Mayor Proposes 50 Cent Tax Drop, New Fees

The mayor released some details of her administration’s financial plan, but no solid figures for proposed new fees.

Mayor Stephanie Rawlings-Blake’s proposed 10-year fiscal plan aims to reduce property taxes nearly 50 cents by fiscal year 2022 primarily through new fees and revenue sources.

Property tax relief would be welcome in North Baltimore, where many neighborhoods already pay the highest tax per residence in the city. Baltimore already has the highest property taxes in the state, $2.268 per $100 of assessed value, and the highest income tax rate, 3.20 percent, allowed by state law. Rawlings-Blake has repeatedly said high taxes are standing in the way of the goal of attracting 10,000 new families to the city.

But the mayor's plan depends heavily on new fees, and so far there have been few details as to what it will cost residents. 

  • The mayor’s plan calls for the creation of a storm water remediation fee. The plan does not specify what the fee will be. But it does stipulate that the funds will be used to fund an additional 2-cent property tax in fiscal years 2021 and 2022.
  • The plan also calls for the creation of a solid waste enterprise fund. The fee, which there is currently no proposed figure for, would be charged to collect trash and recycling in the city. But that would be off set with "dollar-for-dollar property tax relief in the General Fund budget relative to the first-year fees established," according to the plan.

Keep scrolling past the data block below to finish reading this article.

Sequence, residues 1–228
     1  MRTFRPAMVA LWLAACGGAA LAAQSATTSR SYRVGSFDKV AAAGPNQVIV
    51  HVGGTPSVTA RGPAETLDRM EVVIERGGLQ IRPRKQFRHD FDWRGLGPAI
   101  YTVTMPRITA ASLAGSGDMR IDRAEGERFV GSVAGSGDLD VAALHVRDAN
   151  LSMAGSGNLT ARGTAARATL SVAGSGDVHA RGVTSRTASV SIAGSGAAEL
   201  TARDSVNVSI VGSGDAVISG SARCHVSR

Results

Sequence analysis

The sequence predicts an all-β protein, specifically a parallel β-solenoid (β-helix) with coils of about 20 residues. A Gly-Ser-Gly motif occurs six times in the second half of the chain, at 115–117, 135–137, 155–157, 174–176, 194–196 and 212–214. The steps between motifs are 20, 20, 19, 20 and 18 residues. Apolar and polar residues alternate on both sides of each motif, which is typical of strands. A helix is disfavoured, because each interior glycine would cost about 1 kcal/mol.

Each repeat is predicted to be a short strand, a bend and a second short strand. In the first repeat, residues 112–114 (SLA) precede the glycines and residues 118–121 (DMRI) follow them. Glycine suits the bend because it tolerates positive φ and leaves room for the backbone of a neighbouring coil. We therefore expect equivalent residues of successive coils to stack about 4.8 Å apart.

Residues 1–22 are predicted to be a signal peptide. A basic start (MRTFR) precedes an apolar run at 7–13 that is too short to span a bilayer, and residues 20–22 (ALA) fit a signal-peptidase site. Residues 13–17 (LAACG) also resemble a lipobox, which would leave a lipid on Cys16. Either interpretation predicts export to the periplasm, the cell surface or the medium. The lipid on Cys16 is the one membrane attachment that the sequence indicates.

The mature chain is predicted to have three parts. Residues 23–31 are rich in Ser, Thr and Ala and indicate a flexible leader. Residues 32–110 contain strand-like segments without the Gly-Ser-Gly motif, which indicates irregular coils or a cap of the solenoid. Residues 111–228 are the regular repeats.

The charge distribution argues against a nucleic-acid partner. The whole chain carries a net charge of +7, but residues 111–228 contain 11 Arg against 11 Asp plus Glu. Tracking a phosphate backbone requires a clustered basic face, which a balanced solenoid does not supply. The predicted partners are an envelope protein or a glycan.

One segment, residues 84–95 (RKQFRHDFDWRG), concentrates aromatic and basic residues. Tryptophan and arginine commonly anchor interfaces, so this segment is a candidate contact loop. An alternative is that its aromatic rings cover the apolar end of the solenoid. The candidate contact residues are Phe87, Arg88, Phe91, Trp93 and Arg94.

• The plan also includes nixing a proposed reduction of the parking tax rate in 2014 and maintaining the current 20 percent.  This fee, charged to monthly and daily customers at garages, partially goes to supporting the free Charm City Circulator. The administration argues the tax is more equitable because it also impacts commuters who use city services but live outside of Baltimore.
  • The mayor’s plan also calls for additional revenues through a billboard tax; a taxi cab excise tax; “return on investment” on city conduits used by companies; and leasing network space to businesses on a proposed fiber optic network.   

Read the mayor's entire 10-year financial plan here. 

Sean Tully February 22, 2013 at 03:56 AM
Adam, residents in North Baltimore pay the exact tax rate as everyone else. They pay more in property taxes because their homes are valued more. I think that is fair.
Dunk February 22, 2013 at 03:09 PM
Would use of the city trash service be mandatory, or can I just dump my own trash?
Adam Bednar February 22, 2013 at 04:37 PM
Using city trash service would be mandatory. It would defeat the purpose of creating a fund to generate revenue, drop property taxes and then allow people to opt out.
Baltimore Matt February 26, 2013 at 01:22 AM
Let's not talk about how this would create general revenue...as citizens we should be sick to our stomachs about that speak (raise a fee to fill in a budget shortfall?). We should be talking about how much does it cost, per citizen or entity, to collect garbage. A fee should be a means to an end not simply a way for the city to generate revenue and lost on the mix.
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